Hotmail has added a new feature that gives users the option to report an account has been compromised, so that they can then work on returning accounts to their rightful owners.
The new measure, released by Microsoft a few weeks ago, initially only worked with Hotmail accounts but now works with Gmail and Yahoo as well.
Microsoft say that they “did the work to enable other email providers like Yahoo and Gmail to receive these compromise reports from Hotmail including those submitted by you, and those providers will now be able to use the reports in their own systems to recover hacked accounts.”
“So now, in Hotmail, you can report any email account as compromised, and Hotmail will provide the compromise information to both Yahoo and Gmail.”
Users can report a problem with a click of a new ‘Mark As’ button which appears on the menu as “My friend’s been hacked!” The ‘Send to Junk Folder’ also now features a tick box using the same phrase.
The account in question is then scanned by Hotmail’s compromise detection engine and if found to be suspicious, looked into further. Once it has been confirmed the account has been taken over, Microsoft states that the following happens:
“The account can no longer be used by the spammer. When your friend attempts to access their account, they’re put through an account recovery flow that helps them take back control of the account.”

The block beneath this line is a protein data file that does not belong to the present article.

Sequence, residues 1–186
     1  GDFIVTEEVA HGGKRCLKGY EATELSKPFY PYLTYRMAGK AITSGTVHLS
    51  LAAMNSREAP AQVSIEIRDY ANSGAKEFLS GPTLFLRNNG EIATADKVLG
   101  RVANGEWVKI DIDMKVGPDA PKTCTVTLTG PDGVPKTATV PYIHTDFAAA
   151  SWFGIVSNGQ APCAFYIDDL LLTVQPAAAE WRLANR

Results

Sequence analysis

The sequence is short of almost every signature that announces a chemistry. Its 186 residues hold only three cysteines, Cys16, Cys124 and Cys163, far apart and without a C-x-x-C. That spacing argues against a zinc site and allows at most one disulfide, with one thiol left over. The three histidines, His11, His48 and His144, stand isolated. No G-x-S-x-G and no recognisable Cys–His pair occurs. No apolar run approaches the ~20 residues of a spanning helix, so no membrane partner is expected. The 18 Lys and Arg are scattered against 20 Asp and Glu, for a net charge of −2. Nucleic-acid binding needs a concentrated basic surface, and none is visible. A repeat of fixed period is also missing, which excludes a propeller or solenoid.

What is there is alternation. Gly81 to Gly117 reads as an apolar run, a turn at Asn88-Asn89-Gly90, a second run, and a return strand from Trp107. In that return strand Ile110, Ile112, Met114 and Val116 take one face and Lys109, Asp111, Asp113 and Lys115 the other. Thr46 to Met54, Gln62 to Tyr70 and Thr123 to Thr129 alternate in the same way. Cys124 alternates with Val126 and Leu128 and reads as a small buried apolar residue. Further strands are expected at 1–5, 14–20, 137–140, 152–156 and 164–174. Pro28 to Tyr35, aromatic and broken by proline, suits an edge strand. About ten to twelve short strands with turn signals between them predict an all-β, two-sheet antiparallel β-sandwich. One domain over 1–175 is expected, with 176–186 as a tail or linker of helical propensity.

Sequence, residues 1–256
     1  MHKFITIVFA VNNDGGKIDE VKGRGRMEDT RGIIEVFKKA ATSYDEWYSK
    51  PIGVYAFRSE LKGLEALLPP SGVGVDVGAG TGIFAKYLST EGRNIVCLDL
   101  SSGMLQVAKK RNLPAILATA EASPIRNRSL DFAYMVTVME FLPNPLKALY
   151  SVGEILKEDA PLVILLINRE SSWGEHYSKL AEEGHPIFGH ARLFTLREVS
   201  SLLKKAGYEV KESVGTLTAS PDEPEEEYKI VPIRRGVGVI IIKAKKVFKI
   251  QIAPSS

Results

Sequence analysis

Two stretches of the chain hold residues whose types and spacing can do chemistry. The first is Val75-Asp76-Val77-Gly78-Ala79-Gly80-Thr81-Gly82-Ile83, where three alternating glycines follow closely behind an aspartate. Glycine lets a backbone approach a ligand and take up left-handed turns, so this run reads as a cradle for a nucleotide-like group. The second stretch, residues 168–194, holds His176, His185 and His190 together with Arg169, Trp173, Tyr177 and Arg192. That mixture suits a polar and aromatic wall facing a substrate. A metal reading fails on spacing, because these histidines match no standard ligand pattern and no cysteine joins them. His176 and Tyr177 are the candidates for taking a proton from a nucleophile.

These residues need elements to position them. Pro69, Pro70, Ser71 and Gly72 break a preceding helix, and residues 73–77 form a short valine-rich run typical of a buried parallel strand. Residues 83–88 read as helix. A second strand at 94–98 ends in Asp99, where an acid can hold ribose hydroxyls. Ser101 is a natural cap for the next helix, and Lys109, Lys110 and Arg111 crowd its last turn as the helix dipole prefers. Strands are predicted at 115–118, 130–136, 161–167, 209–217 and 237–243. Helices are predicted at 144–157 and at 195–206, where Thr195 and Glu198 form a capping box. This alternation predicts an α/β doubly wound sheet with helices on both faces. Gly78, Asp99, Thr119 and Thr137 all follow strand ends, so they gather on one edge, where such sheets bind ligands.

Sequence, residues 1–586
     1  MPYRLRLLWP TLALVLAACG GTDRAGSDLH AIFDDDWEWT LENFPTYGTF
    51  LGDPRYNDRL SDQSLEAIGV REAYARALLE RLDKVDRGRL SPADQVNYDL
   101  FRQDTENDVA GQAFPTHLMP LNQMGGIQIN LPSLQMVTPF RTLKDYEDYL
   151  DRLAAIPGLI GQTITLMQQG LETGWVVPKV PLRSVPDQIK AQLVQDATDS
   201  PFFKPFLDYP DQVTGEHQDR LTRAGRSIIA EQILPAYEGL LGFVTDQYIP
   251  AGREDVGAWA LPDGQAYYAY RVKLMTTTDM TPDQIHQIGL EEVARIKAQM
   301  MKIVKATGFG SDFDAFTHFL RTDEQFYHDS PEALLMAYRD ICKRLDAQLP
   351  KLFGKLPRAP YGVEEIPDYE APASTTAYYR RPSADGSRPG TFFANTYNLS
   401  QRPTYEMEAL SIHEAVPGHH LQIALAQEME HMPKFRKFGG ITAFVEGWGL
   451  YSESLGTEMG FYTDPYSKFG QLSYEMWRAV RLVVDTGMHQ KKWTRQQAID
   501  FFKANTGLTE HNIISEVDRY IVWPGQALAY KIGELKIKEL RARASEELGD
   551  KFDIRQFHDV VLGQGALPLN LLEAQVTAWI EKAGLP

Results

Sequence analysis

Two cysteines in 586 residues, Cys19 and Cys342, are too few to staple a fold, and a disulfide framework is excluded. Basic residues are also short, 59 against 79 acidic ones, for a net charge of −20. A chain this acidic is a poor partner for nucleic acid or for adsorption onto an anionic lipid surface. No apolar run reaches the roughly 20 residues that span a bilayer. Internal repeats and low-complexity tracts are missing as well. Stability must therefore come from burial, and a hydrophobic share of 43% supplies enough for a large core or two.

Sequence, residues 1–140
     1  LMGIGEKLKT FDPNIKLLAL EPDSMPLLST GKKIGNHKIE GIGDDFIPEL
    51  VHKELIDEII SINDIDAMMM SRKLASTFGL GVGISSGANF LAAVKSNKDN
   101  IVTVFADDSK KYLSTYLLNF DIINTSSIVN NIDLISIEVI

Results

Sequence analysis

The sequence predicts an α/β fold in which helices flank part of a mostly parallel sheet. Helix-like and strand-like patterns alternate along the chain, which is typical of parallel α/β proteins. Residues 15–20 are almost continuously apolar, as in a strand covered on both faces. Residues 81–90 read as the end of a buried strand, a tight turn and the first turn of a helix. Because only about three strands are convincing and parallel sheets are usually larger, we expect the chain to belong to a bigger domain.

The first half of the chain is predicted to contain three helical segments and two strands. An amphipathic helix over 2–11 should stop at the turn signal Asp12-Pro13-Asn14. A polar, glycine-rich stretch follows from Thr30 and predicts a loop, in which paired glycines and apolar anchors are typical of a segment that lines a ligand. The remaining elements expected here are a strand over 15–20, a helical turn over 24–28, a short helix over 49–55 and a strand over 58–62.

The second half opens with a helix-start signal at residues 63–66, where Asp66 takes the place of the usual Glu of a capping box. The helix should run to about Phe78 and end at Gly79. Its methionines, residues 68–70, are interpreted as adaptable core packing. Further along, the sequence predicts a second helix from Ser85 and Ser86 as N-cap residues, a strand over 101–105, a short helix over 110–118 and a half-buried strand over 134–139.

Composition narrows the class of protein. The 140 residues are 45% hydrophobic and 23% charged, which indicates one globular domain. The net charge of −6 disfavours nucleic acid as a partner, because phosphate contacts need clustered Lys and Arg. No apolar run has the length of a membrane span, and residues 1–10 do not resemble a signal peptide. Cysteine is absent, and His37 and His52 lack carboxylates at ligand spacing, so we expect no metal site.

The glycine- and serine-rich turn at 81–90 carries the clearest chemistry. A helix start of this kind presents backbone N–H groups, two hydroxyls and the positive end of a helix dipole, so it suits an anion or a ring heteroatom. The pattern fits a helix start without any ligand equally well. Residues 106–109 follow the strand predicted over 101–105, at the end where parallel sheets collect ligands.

The move comes in a bid to combat the ever growing problem of hijacked accounts being used spam everyone in the address book.
Hotmail reports that the feature has already been a huge success as thousands of compromised accounts have been found and returned to their rightful owners, usually within a day of the report being sent to Microsoft.
In addition to the new feature, Microsoft says it will also be introducing measures to prevent people from using weak passwords to access their mail.
Microsoft noted: “This new feature will be rolling out soon, and will prevent you from choosing a very common password when you sign up for an account or when you change your password.”
“If you’re already using a common password, you may, at some point in the future, be asked to change it to a stronger password.”